Things are slowly changing in our society regarding gay and bi-sexual relationships but for a lot of people it’s still a massive issue to ‘come out’ to their family and maybe their friends too. However much we congratulate ourselves on being open and accepting, there are still many people who believe that being gay or bi-sexual is ‘wrong’ and who also think that it’s actually a life choice.
Years ago, when sexual acts between two men was still illegal (yes, that was the case in the UK until 1967 when the Sexual Offences Act of Parliament decriminalised homosexual acts in private between two men!), it was almost impossible for any gay person to be open about their sexual preferences as there was a chance that, for men, they could go to prison. It seems almost impossible now but for many men and women, they had to repress their feelings all of their lives, not least because they might have brought ‘shame’ to their families and be ostracised by the society in which they lived.
For many older men and women, some repressed their feelings or didn’t realise their true sexuality until they fell in love with another man or woman. However, it may not be the case that women who come out in later life have always been repressed lesbians as sexuality can change as we age. This was, and still is, very confusing for a lot of men and women, especially those who have been married to a member of the opposite sex and had children with them. For their partners and families too, it’s not always an easy transition to make, when someone realises where their true sexual feelings lie. The other person can end up feeling ‘cheated’.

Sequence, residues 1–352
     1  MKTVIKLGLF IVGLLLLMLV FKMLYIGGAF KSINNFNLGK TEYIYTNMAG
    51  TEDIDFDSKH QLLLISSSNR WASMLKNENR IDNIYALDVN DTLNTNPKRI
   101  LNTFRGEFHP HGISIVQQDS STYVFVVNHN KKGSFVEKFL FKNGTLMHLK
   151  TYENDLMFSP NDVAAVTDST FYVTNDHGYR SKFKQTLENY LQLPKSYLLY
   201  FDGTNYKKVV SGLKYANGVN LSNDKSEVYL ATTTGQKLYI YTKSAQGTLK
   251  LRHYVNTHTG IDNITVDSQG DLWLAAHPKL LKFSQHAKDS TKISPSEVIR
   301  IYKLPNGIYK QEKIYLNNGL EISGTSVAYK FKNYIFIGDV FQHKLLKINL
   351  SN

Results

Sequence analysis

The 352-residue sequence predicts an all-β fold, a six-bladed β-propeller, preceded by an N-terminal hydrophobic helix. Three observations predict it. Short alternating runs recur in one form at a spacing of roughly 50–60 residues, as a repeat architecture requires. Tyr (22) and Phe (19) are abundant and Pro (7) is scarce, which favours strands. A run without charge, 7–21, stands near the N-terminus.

Children and teenagers, the latter of whom are just discovering their own sexuality, may become judgmental whilst feeling very vulnerable about the future and how a parent’s ‘coming out’ will affect them. It can take years to come to terms with the reality and, as with any loss, there will be denial and disbelief before there’s a gradual acceptance.
If you’re still undecided about your sexuality, whatever your age, don’t despair. Seeking out advice before telling other people, and talking it all through to an independent person can help a lot. The LGBT Foundation can help you – phone 0345 330 3030 or contact a counsellor privately for some face-to-face sessions.
Repressing how you feel and not being able to be true to yourself if one of the hardest ways for a human being to live and if you’re not able to express your true feelings, it’s not healthy either psychologically or emotionally.
Take heart though, you will get through this difficult time and look towards a brighter future. If someone in your family has confided in you that they’re gay, try to be understanding and not judgmental – they are still the same person with the same positive traits and they didn’t choose to be different. This really sums up the name of my website, Same But Different, because you or a loved one look the same but in some ways you/they are different – and that’s OK!